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The Divide & Conquer Election of 2012


Dianne G. Bystrom, Mary C. Banwart and Mitchell S. McKinney

alieNATION presents research conducted by a national election team and leading scholars in political communication that explores a range of important topics and variables affecting voter attitudes and behavior in the 2012 U.S. presidential election.
In exploring the messages, issues, and voters of the 2012 election, these studies employ multiple methods including experimental design, content analysis, rhetorical criticism, and survey research. Whereas other election research tends to investigate either the content or effects of campaign communication, the more comprehensive and systematic nature of this collection enables alieNATION to cohere thematically around considerations of voter alienation, political engagement, political efficacy, and ultimately, citizens’ voting decisions.
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Chapter Three: Communicating with Voters 30 Seconds at a Time: Presidential Campaign Advertising 2012


← 47 | 48 → CHAPTER THREE


Advertising was a critical component of both President Barack Obama’s and former Gov. Mitt Romney’s campaign strategy in the 2012 presidential election. A record amount of money was spent in the 2012 presidential race, with more than $950 million spent on television advertising to support the candidates. This represents an increase of nearly $350 million from 2008. For that dollar amount, the number of times advertisements aired in support of either Obama or Romney totaled 1,431,939. Although airtime purchased by third-party organizations contributed to this total, the candidates’ campaigns represented the greatest effort at reaching voters through television advertising, particularly the Obama campaign. Overall, Obama’s campaign bought twice as many placements of their ads as Romney’s campaign, airing 511,513 spots on television compared to Romney’s 207,984 (Fowler & Ridout, 2012). Given these striking numbers it is clear that the candidates and third parties believed television advertising, as part of an overall campaign strategy, was an essential component for victory.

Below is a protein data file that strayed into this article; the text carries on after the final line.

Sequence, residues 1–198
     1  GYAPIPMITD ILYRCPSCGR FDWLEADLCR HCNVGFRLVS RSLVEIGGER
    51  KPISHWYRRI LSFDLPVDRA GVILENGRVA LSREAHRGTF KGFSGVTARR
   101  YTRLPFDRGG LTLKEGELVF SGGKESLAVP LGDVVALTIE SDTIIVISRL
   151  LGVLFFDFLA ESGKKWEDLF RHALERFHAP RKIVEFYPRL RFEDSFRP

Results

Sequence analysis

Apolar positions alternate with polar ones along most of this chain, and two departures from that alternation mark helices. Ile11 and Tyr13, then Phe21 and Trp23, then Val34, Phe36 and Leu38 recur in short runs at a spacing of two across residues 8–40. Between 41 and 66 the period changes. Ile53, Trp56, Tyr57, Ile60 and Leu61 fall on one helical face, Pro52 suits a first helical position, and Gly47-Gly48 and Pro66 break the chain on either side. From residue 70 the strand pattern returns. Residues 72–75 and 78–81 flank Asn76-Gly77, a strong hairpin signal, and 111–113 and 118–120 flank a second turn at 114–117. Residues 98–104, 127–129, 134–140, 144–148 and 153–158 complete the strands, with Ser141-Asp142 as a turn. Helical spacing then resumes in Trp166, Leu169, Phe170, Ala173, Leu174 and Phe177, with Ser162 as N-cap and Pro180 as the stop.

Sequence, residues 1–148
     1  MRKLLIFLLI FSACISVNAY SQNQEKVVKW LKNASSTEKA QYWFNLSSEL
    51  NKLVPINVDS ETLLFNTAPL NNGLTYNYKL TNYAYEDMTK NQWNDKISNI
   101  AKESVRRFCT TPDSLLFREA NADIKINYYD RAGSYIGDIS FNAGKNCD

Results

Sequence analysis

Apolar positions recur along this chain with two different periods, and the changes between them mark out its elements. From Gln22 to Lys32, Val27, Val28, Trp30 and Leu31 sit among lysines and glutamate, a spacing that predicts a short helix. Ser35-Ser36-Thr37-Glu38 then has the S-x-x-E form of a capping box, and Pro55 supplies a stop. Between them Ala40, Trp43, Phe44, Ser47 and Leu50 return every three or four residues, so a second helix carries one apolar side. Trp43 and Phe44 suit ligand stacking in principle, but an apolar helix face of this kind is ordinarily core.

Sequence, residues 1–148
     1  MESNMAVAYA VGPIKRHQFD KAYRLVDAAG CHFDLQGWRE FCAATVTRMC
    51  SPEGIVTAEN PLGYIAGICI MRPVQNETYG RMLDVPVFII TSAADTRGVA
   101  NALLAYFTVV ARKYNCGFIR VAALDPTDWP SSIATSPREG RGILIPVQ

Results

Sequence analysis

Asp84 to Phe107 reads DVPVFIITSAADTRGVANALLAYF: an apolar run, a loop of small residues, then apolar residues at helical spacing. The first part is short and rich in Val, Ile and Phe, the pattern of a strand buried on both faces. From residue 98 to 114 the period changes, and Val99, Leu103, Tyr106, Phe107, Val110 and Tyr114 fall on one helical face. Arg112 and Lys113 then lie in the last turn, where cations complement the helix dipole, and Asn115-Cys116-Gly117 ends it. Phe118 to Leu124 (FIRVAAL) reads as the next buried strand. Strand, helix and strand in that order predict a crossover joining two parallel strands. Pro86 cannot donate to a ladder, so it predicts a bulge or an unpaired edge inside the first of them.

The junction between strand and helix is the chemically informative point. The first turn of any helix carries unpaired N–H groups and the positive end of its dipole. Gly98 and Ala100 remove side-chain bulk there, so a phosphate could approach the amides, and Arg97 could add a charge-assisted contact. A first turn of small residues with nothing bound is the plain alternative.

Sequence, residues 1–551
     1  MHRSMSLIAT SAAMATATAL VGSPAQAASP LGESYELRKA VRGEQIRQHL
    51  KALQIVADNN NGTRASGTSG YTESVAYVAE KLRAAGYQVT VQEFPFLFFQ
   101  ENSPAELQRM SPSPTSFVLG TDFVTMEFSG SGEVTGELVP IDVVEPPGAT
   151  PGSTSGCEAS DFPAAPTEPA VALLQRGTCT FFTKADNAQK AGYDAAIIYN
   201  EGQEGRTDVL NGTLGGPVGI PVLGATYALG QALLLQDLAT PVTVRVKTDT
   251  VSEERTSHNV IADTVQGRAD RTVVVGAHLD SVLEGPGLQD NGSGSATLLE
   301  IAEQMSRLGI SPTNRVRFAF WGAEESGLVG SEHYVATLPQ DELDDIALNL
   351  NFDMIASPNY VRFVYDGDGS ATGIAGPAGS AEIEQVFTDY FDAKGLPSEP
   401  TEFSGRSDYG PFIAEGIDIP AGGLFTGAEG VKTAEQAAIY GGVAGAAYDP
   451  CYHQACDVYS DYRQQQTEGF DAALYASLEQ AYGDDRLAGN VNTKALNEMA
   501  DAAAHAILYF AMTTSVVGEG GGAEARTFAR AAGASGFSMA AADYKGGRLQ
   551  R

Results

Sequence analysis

Television advertising remains one of the greatest expenses and most valuable tools in presidential campaigns. Candidates spend millions of dollars on advertising in an effort to win votes, and research suggests this tactic is effective. Numerous studies have found that campaigns can increase the favorability of their candidate through advertising (Atkin & Heald, 1976; Kahn & Geer, 1994; Kaid, Leland, & Whitney, 1992; Kaid, 1997; Tedesco, 2002;...

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